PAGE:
A sloppy performance against Houston on August 1, when he allowed three runs on two hits, three walks, and a hit batter, was the turning point in Olson’s season after making a season-high 39 pitches. The following day, he was placed on the 10-day injured list with a non-baseball medical condition. It was announced at the time that Olson had been fighting shingles for a period of six to eight weeks and that the team wanted him to focus on addressing the illness without having baseball “hanging over his head”, according to manager Terry Francona on August 2.
It turned out to be his final appearance with the Indians. He made a rehab appearance on August 13 for Double-A Akron (facing four batters while giving up a hit and a walk and striking out two) and he followed it with a three-batter outing for Triple-A Columbus on August 16 (hitting one and giving up a hit while striking out a third), but he was shut back down on reports that his body was not responding well enough between games. He was transferred to the 60-day injured list on September 1, officially ending his season.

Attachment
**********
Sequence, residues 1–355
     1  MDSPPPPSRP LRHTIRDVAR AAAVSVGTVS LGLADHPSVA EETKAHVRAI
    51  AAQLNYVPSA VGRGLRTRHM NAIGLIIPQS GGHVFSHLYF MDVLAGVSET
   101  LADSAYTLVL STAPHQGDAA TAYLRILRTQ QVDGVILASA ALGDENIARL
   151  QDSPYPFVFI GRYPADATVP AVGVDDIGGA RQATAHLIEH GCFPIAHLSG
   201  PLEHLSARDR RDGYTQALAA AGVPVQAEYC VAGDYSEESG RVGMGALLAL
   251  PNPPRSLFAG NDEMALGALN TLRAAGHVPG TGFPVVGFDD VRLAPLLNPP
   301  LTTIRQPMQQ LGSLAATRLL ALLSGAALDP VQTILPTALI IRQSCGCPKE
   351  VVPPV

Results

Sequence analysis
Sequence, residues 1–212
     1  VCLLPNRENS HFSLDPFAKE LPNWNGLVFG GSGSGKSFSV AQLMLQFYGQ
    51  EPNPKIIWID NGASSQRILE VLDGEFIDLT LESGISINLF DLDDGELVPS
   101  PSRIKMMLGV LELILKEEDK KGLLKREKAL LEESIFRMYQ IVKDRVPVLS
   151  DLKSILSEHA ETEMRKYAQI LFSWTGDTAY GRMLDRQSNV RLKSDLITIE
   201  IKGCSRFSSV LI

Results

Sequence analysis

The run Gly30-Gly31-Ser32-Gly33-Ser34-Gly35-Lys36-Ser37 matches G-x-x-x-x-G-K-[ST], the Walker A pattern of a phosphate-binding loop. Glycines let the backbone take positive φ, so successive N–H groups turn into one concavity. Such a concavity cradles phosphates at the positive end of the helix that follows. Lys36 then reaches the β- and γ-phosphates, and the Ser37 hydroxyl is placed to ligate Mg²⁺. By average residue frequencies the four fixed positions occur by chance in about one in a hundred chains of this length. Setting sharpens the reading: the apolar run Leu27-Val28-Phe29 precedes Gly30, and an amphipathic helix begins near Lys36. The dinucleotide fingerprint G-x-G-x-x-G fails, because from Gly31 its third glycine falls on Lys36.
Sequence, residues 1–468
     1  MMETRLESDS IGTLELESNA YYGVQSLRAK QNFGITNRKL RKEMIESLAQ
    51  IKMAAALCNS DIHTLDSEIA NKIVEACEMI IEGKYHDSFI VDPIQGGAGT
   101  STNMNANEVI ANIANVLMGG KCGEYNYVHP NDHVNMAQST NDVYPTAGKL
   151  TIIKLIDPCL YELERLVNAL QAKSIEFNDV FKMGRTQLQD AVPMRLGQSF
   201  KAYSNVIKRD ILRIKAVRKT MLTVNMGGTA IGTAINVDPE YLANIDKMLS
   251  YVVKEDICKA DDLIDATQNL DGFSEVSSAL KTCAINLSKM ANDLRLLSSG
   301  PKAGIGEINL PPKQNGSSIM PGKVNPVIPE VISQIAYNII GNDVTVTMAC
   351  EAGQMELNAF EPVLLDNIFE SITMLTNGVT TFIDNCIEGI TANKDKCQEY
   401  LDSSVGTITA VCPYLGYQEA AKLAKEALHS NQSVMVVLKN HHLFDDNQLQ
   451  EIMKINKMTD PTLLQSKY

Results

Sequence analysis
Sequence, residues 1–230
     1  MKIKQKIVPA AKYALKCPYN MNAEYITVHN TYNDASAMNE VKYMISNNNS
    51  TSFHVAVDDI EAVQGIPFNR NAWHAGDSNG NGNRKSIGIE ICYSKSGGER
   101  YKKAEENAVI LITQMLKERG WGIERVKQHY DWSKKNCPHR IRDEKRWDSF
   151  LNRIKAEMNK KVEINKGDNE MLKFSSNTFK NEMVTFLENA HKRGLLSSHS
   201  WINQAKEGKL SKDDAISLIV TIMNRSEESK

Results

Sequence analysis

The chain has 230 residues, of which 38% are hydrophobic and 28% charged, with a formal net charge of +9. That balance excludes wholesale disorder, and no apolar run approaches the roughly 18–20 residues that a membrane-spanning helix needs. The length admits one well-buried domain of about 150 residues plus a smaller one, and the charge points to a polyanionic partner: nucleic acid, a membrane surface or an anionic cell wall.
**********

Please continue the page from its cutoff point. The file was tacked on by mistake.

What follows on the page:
Olson was outrighted from the Indians’ 40-man roster on November 4, but he declined the assignment and became a free agent. In 39 appearances for Cleveland in 2019, he went 1-1 with a 4.40 ERA and a 1.63 WHIP in 30 2/3 innings of work.
Olson will look to continue his pro career with the Cubs, his sixth big league organization. He was originally drafted in the 17th round in 2012 by the Oakland Athletics while pitching for Gonzaga, but he returned to school and jumped to the seventh round the following year when he was selected by the Seattle Mariners. He debuted in the Majors for the M’s but was later traded to the Los Angeles Dodgers in December of 2015 and moved a month later to the New York Yankees. After six months (and one MLB appearance) with the club, he was a waiver claim by the Royals before moving across the division to the Indians’ organization. He finished his 2016 season in the minors, but saw 30 scoreless games of action for the Indians in 2017 and 43 more relief appearances in an injury-shortened 2018 campaign before his illness ended his 2019 season prematurely.